Reviewed by: Shannon Hammell
Starring: Lillian Gish, Mae Marsh, Henry B. Walthall | Produced and Directed by: D. W. Griffith | Written by: D. W. Griffith, Frank E. Woods and Thomas F. Dixon Jr., based on Dixon’s novels “The Clansman” and “The Leopard’s Spots” | Distributor: Joseph Brenner Associates
This is a film that every American must see. It is an example of America’s ugly history glamorized in the worst way imaginable. D. W. Griffith’s film “Birth of a Nation” strips away the truth about American Reconstruction after the Civil War. There aren’t any sex scenes in the film (it was made in 1915, before the MPAA) and no profanity, but make note of the violence and the extreme racial stereotypes that might make this film inappropriate for younger viewers.
The film starts out with two families visiting each other before the American Civil War; one family from the North and one from the South. The Northern family visiting their Southern friends get an eyeful of their mansion, plantation fields, and their wealth in general.
Civil War breaks out and everyone is sent to war, dividing families and loved ones. After the war and the assassination of President Abraham Lincoln, America begins the long journey of Reconstruction. “Carpetbaggers” and “scalawags” are depicted in usual, stereotypical fashion. Racial tension grows between whites and blacks. Also note that there are no black actors in this film. Everyone portraying a black character has been “painted over.”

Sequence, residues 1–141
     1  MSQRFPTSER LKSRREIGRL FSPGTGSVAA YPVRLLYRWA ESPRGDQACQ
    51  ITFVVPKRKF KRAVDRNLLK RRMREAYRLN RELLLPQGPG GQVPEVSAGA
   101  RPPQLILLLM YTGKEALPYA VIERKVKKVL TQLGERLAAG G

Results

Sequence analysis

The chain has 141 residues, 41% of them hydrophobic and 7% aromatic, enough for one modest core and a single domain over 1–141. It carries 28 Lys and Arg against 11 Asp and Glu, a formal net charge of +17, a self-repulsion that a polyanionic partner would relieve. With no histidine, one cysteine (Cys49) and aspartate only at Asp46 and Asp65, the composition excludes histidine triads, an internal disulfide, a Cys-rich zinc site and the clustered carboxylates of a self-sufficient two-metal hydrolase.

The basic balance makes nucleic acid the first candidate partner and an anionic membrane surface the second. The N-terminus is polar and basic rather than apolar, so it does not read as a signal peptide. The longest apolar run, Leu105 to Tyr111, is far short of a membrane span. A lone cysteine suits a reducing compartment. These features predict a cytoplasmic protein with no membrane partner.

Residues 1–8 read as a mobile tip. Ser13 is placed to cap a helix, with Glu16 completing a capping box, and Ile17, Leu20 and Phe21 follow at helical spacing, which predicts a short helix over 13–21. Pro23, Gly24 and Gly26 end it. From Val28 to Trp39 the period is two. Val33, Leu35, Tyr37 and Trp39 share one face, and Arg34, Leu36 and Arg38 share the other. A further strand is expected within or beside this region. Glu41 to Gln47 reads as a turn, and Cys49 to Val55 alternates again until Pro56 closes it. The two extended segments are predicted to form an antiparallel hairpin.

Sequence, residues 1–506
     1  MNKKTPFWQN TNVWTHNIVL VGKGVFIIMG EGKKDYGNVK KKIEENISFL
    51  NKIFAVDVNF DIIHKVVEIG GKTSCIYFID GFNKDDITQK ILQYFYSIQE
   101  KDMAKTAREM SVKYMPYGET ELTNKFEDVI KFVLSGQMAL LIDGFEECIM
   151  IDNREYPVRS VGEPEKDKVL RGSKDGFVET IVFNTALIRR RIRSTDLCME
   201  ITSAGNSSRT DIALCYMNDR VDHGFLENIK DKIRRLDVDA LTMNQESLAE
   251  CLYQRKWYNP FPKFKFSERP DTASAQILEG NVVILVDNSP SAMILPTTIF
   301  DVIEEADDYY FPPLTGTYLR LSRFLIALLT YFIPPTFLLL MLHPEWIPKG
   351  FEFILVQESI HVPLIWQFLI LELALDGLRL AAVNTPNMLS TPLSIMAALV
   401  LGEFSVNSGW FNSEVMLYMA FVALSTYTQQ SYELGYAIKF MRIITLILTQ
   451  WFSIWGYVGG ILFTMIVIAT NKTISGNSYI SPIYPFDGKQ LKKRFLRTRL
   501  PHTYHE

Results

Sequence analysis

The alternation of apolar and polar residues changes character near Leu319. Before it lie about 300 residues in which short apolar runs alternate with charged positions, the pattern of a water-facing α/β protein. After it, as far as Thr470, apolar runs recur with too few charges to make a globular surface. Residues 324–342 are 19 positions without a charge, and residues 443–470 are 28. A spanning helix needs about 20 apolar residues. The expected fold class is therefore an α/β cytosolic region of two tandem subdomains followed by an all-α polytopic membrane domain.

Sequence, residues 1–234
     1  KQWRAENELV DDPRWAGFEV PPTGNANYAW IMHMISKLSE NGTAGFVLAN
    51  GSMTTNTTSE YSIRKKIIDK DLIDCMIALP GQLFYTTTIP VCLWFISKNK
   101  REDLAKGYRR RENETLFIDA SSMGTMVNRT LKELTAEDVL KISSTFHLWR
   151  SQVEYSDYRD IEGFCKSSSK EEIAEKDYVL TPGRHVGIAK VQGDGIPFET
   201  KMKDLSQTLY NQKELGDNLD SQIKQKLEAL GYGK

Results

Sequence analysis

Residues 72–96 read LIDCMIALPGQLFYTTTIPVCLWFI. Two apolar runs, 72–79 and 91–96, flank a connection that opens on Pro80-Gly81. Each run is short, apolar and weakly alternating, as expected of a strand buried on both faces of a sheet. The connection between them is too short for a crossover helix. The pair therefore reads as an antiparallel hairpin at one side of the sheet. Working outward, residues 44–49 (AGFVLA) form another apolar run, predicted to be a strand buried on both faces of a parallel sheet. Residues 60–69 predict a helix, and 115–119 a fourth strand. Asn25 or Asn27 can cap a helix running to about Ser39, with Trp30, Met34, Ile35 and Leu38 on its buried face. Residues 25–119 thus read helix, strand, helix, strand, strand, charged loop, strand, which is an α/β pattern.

I recommend this film to be watched not for entertainment value but for educational purposes (I had to watch this film for my Civil War history class). Do not expect to be entertained by this film since it is filled with racist-motivated violence. The Bible clearly states that we are made in the image of God. God does not make mistakes, nor does He judge us based upon our skin color. Racism is a mockery of God and His creation.
This film has no Christian material in it. Racism, an anti-Christian element, is glorified. Racial violence is glorified. The Ku Klux Klan are considered heroes in this film. Black men are portrayed as wanting to rape white women. Slaves are depicted as happy-go-lucky people who dance and sing all day. Every myth about American Reconstruction is in this movie in gory detail.
My age recommendation is for ages 13 and up, depending upon maturity. Before you view this movie, say a prayer that God will use this film to teach you about the ungodliness of racism and stereotypes.